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Symptoms and Medicines

Symptoms commonly observed in the last days of life infographic - Terminal restlessness, anxiety, dyspnoea, nausea and vomiting, pain, respiratory secretionsWhen palliAGED was launched in 2017, it included some content transferred from the Decision Assist website which was closed in the same year. This included a section on eight of the most common symptoms in palliative care (agitation, delirium, depression, dyspnoea / breathlessness, fatigue, nausea, noisy secretions, pain). This information was updated and expanded to create the palliAGED Symptoms and Medicines section including open access to free resources and information relating to Prescribing of Medication and Administering Medication.

We regularly review our content to ensure that links are still working and that the resources we link to are, wherever possible, open and publicly accessible. In September 2018, changes in the availability of content were identified by our web team. This led to the review of the section not only in terms of possible replacement content but also an examination of the relevance and purpose of the section itself.

Reviewing Content

A review of Australian guidelines that may support prescribing at end of life was conducted. This ensured that content was meaningful in the Australian context. Using this information Paul Tait (Palliative Care Pharmacist) and Susan Gravier (Research Associate) reviewed the Symptoms and Medicines pages with a focus to:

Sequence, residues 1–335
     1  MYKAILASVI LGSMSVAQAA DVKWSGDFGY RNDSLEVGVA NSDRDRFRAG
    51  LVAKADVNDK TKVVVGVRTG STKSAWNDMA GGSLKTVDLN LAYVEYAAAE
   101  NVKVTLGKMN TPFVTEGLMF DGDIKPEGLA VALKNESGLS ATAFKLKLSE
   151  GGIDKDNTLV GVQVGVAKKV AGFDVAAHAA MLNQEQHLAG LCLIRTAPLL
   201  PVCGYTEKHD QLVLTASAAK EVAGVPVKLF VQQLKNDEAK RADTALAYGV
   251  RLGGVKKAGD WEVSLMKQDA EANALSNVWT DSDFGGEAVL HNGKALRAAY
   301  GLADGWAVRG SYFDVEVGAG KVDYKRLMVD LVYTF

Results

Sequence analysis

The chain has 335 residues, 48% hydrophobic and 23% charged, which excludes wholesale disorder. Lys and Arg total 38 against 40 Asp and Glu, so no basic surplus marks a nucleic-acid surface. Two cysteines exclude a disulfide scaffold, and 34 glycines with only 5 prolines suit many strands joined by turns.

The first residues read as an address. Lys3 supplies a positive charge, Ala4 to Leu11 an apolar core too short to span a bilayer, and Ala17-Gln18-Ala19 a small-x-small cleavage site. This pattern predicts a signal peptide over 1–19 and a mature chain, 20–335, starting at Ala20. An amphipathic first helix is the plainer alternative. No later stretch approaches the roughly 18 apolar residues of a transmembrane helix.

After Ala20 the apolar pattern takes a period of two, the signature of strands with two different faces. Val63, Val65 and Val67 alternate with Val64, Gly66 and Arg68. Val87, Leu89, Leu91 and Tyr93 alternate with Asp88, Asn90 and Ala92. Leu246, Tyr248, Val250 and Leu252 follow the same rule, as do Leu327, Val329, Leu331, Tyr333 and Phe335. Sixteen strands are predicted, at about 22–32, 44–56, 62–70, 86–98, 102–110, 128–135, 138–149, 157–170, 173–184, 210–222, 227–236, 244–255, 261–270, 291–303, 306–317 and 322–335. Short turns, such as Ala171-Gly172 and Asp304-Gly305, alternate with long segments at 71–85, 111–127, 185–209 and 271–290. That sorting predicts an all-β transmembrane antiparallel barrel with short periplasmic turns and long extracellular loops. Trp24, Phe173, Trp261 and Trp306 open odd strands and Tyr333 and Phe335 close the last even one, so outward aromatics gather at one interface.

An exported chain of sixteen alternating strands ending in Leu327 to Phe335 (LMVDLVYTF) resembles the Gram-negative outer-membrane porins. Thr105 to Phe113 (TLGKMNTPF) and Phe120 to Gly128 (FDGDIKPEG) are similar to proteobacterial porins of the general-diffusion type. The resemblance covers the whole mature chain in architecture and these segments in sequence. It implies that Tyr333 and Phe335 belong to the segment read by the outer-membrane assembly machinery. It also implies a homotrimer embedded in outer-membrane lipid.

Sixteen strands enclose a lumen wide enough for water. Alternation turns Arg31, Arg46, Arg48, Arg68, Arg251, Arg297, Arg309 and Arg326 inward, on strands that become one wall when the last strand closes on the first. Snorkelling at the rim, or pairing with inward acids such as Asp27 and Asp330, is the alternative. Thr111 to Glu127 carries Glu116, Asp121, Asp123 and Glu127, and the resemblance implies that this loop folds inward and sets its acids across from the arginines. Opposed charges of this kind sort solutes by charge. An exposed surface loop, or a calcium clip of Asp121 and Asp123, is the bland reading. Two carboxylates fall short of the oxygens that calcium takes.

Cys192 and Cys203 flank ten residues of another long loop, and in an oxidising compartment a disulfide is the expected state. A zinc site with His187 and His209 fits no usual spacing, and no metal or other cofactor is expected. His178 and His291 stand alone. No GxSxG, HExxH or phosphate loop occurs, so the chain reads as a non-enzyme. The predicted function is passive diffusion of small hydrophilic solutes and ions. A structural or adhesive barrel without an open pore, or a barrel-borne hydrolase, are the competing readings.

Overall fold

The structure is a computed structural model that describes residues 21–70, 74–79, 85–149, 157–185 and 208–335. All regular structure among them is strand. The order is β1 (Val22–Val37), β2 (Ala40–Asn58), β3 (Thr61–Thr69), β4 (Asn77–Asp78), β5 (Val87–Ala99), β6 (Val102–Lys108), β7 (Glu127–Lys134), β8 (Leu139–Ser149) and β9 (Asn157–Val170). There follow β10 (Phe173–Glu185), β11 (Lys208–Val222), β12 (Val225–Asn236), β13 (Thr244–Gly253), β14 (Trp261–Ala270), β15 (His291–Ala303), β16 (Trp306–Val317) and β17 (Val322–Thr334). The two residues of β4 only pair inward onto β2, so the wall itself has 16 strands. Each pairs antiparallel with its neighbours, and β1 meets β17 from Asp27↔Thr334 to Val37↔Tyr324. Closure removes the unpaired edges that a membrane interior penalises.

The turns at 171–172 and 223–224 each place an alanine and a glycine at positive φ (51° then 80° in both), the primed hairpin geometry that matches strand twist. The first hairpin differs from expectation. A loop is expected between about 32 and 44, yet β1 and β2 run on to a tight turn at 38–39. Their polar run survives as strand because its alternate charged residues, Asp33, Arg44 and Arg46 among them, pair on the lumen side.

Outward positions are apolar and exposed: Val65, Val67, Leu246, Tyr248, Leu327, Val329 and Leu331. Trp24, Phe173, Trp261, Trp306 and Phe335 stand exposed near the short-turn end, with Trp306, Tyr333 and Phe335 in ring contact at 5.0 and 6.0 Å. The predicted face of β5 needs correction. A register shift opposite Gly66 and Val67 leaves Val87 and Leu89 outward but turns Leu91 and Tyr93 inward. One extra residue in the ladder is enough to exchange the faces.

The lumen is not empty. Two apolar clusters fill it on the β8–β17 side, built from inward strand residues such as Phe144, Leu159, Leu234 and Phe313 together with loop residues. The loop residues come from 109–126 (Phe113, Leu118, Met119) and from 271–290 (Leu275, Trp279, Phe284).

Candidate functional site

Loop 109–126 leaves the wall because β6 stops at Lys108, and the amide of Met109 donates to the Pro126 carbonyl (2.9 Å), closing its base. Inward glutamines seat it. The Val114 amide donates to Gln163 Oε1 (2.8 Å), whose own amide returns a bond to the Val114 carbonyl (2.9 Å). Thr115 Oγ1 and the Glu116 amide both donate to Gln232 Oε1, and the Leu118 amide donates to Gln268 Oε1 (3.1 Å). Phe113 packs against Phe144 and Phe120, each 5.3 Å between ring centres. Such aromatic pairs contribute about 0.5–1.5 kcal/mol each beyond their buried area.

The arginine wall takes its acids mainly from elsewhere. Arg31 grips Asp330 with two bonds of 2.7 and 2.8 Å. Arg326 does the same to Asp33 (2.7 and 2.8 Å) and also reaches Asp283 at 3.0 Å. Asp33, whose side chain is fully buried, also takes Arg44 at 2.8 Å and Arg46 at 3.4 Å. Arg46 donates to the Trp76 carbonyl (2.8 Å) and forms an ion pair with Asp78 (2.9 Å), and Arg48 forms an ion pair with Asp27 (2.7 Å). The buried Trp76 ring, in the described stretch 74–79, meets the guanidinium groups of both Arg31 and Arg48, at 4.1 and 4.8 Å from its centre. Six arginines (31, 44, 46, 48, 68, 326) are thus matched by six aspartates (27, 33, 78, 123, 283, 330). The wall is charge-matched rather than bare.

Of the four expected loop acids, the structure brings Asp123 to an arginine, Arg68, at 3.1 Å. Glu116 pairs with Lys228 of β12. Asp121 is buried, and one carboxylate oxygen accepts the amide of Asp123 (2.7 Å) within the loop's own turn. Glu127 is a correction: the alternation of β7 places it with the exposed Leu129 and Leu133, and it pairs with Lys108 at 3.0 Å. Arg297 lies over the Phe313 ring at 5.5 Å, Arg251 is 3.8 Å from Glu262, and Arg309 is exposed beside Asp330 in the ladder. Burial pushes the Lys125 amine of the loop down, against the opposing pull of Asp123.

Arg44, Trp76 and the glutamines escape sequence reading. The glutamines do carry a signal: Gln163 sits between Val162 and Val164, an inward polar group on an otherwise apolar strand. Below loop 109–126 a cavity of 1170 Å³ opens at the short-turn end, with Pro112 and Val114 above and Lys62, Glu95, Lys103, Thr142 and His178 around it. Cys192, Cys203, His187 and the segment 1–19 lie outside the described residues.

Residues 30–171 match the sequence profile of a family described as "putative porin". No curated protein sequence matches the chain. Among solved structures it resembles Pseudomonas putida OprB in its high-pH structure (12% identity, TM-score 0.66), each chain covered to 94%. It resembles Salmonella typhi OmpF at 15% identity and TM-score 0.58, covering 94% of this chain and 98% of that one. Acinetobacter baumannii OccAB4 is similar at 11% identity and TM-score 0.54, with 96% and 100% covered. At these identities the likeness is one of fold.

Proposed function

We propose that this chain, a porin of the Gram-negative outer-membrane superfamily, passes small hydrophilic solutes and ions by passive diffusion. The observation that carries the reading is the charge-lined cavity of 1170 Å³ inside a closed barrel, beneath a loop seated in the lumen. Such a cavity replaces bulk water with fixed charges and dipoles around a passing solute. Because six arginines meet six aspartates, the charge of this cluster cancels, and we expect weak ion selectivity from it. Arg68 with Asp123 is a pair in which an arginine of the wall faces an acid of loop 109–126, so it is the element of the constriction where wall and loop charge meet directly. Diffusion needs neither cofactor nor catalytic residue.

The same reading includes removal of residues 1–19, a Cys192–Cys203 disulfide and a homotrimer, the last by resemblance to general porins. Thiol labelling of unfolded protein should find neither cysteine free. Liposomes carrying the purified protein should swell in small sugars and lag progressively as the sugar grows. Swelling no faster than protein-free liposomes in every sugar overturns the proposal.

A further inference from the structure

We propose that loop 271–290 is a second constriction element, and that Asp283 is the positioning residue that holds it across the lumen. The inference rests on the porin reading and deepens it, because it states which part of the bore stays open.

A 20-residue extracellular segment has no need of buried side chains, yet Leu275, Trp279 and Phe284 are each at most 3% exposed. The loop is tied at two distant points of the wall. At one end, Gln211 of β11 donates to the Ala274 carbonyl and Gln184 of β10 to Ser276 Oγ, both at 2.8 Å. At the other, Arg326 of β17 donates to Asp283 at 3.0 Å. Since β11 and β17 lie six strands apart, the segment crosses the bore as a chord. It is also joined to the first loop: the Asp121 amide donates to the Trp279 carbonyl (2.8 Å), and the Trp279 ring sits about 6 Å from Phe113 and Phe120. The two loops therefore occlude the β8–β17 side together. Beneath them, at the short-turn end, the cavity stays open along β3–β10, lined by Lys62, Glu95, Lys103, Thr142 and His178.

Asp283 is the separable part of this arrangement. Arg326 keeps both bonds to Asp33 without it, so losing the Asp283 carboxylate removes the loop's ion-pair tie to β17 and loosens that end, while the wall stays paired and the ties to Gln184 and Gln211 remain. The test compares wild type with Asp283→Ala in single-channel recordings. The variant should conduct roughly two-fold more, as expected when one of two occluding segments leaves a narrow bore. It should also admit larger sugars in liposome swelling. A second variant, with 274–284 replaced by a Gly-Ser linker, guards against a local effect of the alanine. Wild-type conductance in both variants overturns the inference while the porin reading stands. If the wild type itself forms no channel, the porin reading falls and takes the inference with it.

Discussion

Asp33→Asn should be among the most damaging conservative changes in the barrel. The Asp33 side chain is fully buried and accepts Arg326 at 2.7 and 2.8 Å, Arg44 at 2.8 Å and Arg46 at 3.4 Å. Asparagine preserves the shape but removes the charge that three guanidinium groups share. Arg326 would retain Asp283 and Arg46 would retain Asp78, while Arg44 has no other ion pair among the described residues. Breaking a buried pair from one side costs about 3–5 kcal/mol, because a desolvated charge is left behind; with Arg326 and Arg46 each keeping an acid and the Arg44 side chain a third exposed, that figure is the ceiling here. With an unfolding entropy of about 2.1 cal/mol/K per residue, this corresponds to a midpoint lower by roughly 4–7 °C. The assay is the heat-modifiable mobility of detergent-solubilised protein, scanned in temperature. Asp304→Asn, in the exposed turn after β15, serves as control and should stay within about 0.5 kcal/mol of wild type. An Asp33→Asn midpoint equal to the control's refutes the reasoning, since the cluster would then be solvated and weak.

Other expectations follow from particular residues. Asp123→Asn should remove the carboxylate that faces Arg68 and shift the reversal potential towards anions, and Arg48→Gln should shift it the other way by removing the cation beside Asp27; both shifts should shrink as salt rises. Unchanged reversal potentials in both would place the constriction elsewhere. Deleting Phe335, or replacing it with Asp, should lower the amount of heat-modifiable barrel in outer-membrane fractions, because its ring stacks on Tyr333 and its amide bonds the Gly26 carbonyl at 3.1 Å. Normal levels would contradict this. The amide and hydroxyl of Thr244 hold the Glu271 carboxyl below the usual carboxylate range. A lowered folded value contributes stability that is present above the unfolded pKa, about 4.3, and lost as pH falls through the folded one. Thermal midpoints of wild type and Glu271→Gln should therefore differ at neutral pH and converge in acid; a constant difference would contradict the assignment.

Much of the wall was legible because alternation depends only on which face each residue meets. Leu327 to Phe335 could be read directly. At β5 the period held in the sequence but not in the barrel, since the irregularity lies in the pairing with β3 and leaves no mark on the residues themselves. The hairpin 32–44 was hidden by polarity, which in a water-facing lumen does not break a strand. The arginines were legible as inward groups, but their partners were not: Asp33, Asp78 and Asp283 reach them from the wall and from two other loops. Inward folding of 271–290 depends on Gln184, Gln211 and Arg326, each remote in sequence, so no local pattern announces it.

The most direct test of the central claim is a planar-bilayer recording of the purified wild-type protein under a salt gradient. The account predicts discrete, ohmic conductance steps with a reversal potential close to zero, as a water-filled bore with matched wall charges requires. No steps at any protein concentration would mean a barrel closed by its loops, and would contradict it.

• ensure the content matches the current evidence
  • improve the linkages with the medicine management pages
  • address care of older people in the last days of their life (terminal phase)
  • improve the connectivity with the palliAGEDgp smartphone application, and
  • continue to focus on providing open-access information (i.e. requires no subscription).
The proposed draft revision was then reviewed within CareSearch by Professor Jennifer Tieman and Dr Katrina Erny-Albrecht. 
An invitation for external review was subsequently sent to nine people with specialist expertise or knowledge in the (Nurse Practitioners, GPs, pharmacists, Palliative Care Specialists). Review comments were received from:
  • Dr David Healey, GP & member, Palliative Care for Older People Special Interest Group, Australia and New Zealand Society of Palliative Medicine Inc. 
  • Sandy Scholes, Consultant Pharmacist
  • Prosper Sithole, Care Manager, Bupa Care Services.

Finalised Content

The original symptoms and medicines section included information on: agitation, dyspnoea, noisy secretions, delirium, fatigue, pain, depression, and nausea. In the updated pages, six symptoms are presented: Anxiety, Dyspnoea, Nausea and Vomiting, Pain, Respiratory Secretions, and Terminal Restlessness. These changes more clearly focus the symptoms in terms of their impact in the terminal phase.

The information relating to each symptom in the revised section is presented under the following headings: Principles, Prescribing Guidance, Useful Information, and Remember.

In the updated version, each symptoms page hosts a text box with links to the pages related to the elements of medicine management: 
  • Dysphagia
  • Off-Label Prescribing 
  • Opioids: Switching Between Formulations 
  • Subcutaneous Medicine Administration.
The medicine management information has been consolidated and presented under the above four headings (previously Prescribing of Medicines, and Administering of Medicines).

Information under Prescribing Guidance has improved connectivity with the palliAGEDgp smartphone application.

Creating the Web Content

The palliAGED Symptoms and Medicines pages were updated based on the new content.

The entire section was moved to the palliAGED Practice Centre to consolidate practical resources in one location.

The revised Symptoms and Medicines pages were released in February 2019.
 

Page last updated 28 February 2019